When is probate required?
By Mary Van Doren
Posted in: Legal
Simple answers to the complex question, When is probate required?
Many people who have been involved in inheritance of an estate, or even part of one, find estate law deeply confusing.
Whether probate is required depends on what property the person owned and how it was held, and on the law of state in which he or she died and the laws of any states where the deceased owned property.
A general answer to the question, “When is probate required?” is that probate is a process used to:
- Clarify issues in a will, including a version that is not the final version; fraudulent execution; mistakes, or a will drafted when the deceased was not of sound mind
- Resolve any challenges to the will
- Enable legal transfer of title to property, including real estate, bank and pension accounts, and personal property such as jewelry, furniture, and artwork, to a named beneficiary
- Distribute an estate when there is no will
- Resolve the issue of beneficiaries when there are none named, or when they predeceased the estate’s owner
- Transfer assets that are held solely in the deceased’s name
- Remove the deceased’s name from property title that is held in joint tenancy
- Distribute assets in payable-upon-death accounts such as life insurance or health savings accounts, if there are no named beneficiaries or the named beneficiaries are deceased
When is probate required? Streamlining the process
There are some exceptions to these requirements, with every state having different laws, and some states offer a streamlined process for “small estates.”
One of these streamlining methods still involves the probate court, but gives the court less power over the process, and does not require a probate attorney to be involved.
The other main shortcut around the probate process is claiming property with an affidavit.
If the total value of all the assets the deceased owned is less than a certain amount, the people who inherit that property -- except real estate -- may be able to skip probate entirely. The exact amount depends on state law and is very different in each state.
If the estate qualifies, an inheritor can prepare a short document stating that he or she is entitled to a certain item of property under a will or state law. This document, signed under oath, is called an affidavit. When the person or institution holding the property -- for example, a bank where the deceased person had an account -- receives the affidavit and a copy of the death certificate, it releases the money or other property.
When a customer wanted to claim a bank account owned by her late mother, who had named no beneficiary for the account, Expert Damien Bosco was able to explain the entire affidavit process for her state.
Some banks have their own affidavit forms, and if not, your local court can provide you with one. In California, for example, the beneficiary must also attach:
- A copy of the death certificate
- Proof that the person owned the property in question, such as a stock receipt or account passbook
- Proof of his or her identity
- A form detailing all real estate owned by the deceased in California, if any. This form must be signed by a probate referee.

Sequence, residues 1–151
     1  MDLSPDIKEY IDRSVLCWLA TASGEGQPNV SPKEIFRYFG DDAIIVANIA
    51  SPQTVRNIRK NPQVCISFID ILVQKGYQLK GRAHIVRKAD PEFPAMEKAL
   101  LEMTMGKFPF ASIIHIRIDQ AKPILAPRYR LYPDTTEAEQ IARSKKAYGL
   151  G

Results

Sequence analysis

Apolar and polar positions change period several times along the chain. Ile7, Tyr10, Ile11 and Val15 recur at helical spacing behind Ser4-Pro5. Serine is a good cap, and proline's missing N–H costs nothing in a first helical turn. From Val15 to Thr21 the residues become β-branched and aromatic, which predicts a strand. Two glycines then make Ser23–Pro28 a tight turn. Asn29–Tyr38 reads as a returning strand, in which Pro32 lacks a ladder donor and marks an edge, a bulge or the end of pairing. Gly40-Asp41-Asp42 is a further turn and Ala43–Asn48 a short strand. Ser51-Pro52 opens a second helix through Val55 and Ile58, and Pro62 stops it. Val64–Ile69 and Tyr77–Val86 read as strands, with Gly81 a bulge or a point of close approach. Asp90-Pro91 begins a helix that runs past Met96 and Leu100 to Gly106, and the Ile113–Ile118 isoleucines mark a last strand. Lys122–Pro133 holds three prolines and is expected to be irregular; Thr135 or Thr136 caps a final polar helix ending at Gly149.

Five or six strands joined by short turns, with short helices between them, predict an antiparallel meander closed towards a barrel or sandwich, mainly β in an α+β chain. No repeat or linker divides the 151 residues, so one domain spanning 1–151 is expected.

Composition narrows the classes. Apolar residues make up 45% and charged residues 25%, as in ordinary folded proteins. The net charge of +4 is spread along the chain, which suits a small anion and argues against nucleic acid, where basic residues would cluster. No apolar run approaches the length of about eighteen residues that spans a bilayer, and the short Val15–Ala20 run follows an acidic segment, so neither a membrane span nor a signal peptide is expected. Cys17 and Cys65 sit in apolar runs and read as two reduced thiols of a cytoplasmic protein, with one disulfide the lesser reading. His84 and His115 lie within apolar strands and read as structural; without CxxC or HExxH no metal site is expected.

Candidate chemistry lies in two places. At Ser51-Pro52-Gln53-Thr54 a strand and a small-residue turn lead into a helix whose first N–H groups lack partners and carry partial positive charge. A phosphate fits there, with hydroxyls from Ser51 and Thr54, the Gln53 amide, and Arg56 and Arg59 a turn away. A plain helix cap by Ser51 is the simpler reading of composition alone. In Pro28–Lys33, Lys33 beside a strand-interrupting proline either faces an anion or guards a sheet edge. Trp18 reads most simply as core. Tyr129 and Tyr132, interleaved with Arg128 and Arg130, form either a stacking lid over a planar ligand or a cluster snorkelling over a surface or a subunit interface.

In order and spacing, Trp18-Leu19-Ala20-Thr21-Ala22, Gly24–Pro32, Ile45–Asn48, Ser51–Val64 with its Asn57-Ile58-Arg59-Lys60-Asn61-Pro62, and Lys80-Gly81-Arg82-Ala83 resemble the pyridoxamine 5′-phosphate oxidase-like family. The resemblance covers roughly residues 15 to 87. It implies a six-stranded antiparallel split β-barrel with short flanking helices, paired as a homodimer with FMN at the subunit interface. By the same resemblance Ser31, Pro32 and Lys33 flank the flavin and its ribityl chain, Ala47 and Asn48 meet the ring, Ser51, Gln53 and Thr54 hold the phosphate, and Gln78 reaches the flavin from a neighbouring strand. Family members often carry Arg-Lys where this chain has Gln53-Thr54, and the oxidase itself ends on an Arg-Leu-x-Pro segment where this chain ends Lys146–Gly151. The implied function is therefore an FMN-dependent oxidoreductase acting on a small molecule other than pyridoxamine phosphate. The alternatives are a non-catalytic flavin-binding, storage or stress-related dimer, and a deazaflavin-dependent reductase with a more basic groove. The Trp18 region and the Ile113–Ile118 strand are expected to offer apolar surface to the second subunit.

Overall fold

Finally, to ensure that all parties are in agreement, all other legal heirs must sign on off on the affidavit.
Streamlining processes such as these are offered by many states because probate can be an expensive and lengthy court proceeding, usually lasting four to six months, but sometimes as long as two to three years.
When is probate required? Solving estate mysteries
Throughout the process, confusion and conflicts often arise among beneficiaries and loved ones.
For example, when one JustAnswer customer asked an Expert about a life insurance policy she’d just learned about, which she said was in her name, the Experts at first took her at her word that the policy was “in her name.”
The insurance company had told the customer that she needed to get her mother, the estate’s executor, to sign the policy over to her, which wasn’t actually legally required for a policy in her name.
However, Expert Barrister finally untangled the mystery: The life insurance policy wasn’t actually in the customer’s name so that she became the beneficiary, but was rather a policy on her life, meaning that her father would have been the beneficiary if she had passed away.
Her mother was now, by inheritance, the beneficiary of the policy, which is why the insurance company had made its requirement.
In another JustAnswer question, the customer wanted to claim some penny stocks that had grown in value to about $1,000. Because the certificate was missing, the company required the customer to submit a letter testamentary.
ScottyMacEsq, an attorney and Expert at JustAnswer, explained that letters testamentary are what a court issues to an estate’s administrator when a will has named one. For this customer, it would require filing for probate.
ScottyMacEsq was able to quote the exact state statute and requirements for the customer, and also suggested that she make sure the company would be willing to issue the certificate based on this document – noting that she could quote the state statute he had provided.
There are many financial planning strategies that allow someone to ensure that heirs can avoid probate, but these usually require the services of a qualified financial planner. And unless the estate is small, legal professionals will be required for probate.
However, if you want to know the answer to the question, “When is probate required?” in your state, this website offers a comprehensive online list.
And whatever the situation you find yourself in regarding a decedent’s estate, if you want explanations or clarifications of complex legal issues for a tiny fraction of the cost of meeting with an attorney in person.
What is your experience in dealing with probate? Please share your thoughts with us in the comments below.